President Cyril Ramaphosa has been challenged to include an expert capable of analysing the damage BEE is doing to poor South Africans when he appoints the new B-BBEE advisory council.
The Institute of Race Relations (IRR) says in a statement that ‘the pro-poor, pro-merit case for finally liberating South Africa from race law would be welcomed by anyone seriously recognising the harm BEE is doing to South Africans generally, making most black people poorer, and that doubling down on BEE will only make matters worse for the worst off’.
Said IRR Head of Campaigns Gabriel Crouse: ‘If the B-BBEE advisory council wants to seriously tackle the question of whether BEE is harming most poor black people it should include someone from the IRR to lay down the uncomfortable facts and present a workable plan to grow opportunities for those in need. My hand is up, I want to help.’
Crouse added: ‘It is so obvious that BEE fails most black people, and poor black people especially, that nobody pretends the policy works overall. Instead, the President’s panel is likely to include several critics of BEE of the past who spin in furious circles only to propose that the solution is more BEE. The best would be no BEE. Let someone tell it straight from inside the new advisory council.’
Yesterday, Crouse led an IRR team to the Union Buildings to deliver a petition endorsed by more than 23 000 South Africans who have registered their opposition to the race-based Employment Equity Amendment Bill (EEB), and calling on President Ramaphosa to ‘do the right thing and refer the EEB back to the National Assembly for reconsideration’.
The IRR argues that the new law ‘imposes public sector-style quotas on the private sector, racially disqualifies some businesses from bidding to tender with the state, and forces employers to second-guess their employees’ race under threat of fines that would bankrupt almost all businesses’.
The IRR points out that in surveys it has commissioned over the last decade ‘have shown consistently that unemployment is the top-ranked problem in South Africa and that most black people are eager to give up BEE in place of workable policies’.
The reality for most South Africans is desperate.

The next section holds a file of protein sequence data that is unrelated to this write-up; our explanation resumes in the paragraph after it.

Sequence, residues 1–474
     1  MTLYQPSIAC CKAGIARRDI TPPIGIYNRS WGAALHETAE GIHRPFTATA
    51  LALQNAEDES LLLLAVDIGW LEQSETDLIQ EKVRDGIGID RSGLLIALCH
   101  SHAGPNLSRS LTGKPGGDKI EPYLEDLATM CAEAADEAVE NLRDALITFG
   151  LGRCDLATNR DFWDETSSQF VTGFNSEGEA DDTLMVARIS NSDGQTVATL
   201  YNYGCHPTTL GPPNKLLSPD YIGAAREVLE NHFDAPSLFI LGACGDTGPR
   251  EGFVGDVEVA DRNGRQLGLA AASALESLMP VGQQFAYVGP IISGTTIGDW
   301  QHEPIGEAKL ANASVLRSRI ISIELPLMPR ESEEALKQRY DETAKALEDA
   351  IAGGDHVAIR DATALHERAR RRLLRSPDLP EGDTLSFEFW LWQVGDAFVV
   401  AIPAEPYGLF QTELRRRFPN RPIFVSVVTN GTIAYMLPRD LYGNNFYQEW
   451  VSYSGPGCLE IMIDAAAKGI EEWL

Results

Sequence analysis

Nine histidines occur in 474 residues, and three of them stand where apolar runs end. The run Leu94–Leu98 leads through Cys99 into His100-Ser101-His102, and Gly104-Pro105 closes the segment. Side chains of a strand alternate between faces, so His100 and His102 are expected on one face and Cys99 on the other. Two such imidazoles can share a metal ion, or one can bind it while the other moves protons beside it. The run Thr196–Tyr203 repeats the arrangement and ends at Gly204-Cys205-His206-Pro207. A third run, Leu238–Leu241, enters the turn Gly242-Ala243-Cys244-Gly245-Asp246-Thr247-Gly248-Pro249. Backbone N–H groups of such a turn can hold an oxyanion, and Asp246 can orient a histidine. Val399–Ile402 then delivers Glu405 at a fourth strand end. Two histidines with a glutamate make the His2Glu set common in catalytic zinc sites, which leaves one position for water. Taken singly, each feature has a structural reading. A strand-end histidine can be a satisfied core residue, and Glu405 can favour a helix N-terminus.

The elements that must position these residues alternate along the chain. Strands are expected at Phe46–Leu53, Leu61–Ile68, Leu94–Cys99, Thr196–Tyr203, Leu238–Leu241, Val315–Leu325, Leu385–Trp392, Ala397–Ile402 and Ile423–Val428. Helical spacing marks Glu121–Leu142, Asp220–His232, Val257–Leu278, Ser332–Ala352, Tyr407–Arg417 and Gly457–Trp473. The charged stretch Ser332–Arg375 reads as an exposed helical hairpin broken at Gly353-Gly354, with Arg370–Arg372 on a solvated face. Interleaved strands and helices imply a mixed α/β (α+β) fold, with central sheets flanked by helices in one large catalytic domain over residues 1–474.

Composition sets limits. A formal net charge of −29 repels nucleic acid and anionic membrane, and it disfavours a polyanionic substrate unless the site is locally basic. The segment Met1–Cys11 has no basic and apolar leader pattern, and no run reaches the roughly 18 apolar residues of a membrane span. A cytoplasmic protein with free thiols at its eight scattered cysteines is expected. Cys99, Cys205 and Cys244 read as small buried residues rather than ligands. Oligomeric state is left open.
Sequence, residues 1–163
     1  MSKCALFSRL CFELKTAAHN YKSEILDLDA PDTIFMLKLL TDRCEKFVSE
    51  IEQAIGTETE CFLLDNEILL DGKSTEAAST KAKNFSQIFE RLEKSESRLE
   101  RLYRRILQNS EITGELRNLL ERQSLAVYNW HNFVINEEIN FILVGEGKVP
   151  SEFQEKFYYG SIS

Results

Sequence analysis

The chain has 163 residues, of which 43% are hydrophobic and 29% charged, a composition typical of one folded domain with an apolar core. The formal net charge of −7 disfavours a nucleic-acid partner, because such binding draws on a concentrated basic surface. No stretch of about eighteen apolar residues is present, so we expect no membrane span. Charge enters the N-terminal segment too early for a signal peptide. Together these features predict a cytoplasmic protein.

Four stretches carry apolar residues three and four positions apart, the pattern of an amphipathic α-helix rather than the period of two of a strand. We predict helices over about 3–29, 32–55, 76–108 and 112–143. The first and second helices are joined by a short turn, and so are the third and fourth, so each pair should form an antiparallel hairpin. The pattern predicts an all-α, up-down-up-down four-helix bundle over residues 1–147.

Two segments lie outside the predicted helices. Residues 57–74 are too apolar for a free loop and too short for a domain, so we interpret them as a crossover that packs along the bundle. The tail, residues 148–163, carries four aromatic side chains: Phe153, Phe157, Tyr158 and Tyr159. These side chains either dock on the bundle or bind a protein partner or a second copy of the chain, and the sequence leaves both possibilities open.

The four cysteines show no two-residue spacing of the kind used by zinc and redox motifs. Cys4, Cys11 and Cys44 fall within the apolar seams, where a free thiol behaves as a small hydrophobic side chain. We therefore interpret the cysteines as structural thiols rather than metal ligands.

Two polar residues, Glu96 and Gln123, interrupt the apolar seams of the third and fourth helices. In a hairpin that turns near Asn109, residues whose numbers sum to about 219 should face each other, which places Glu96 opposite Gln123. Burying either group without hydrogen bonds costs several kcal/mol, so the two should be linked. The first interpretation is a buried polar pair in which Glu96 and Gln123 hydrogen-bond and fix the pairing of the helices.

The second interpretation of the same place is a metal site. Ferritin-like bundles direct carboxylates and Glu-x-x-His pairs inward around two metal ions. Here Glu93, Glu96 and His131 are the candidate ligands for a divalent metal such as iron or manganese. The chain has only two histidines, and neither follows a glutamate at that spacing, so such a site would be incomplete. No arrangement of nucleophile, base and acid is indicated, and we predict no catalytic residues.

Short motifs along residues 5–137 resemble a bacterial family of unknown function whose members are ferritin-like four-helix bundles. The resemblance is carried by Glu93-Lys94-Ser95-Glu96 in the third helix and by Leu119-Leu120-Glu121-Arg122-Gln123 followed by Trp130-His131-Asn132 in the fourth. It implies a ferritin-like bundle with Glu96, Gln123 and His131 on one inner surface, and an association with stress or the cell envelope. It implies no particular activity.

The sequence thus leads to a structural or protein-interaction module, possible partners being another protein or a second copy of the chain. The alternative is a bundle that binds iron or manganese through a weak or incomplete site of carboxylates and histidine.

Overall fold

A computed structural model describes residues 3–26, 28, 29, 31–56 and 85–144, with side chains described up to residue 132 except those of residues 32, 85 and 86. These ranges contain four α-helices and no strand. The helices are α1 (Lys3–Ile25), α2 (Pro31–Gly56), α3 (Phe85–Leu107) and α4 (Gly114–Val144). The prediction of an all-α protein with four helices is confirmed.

According to Stats SA, in the first quarter of 2022 most working-age black South Africans could not find a job or had given up looking for work. This is a shocking contrast to the period between 2003 and 2008, before significant aspects of BEE were implemented, when employment figures among all groups, including black people, improved. Unemployment fell by 12% in that time.
Subsequently the official unemployment rate for black South Africans increased, rising from 27% in 2008 to 39% in 2022. This period was BEE’s heyday.
‘The choice between prioritising BEE and workability is addressed by the Zondo Commission’s report into state capture too. That report underlines an “inevitable tension” between maximising value-for-money and race-based social engineering in the analysis titled, “Problems in the legislative design”, finding that “in the view of the Commission the primary national interest is best served when the government derives the maximum value-for-money in the procurement process and procurement officials should be so advised.”’
The IRR believes the President’s advisory council ‘must receive this advice too’.
The Institute argues that BEE ‘must be replaced by a policy that is more likely to succeed, such as the non-racial Economic Empowerment for the Disadvantaged (EED) proposal crafted some years ago by IRR Head of Policy Research, Dr Anthea Jeffery, which would incentivise growth rather than rent-seeking’.
The IRR petition to the President – endorsed by 23 098 unique submissions – lays down detailed legal arguments to show that the EEB is inconsistent with Sections 1 (Founding Values), 9 (Equality), 195 (Administration), and 217 (Procurement) of the Constitution.
[Photo: Gushwell F. Brooks/Jesuit Refugee Service]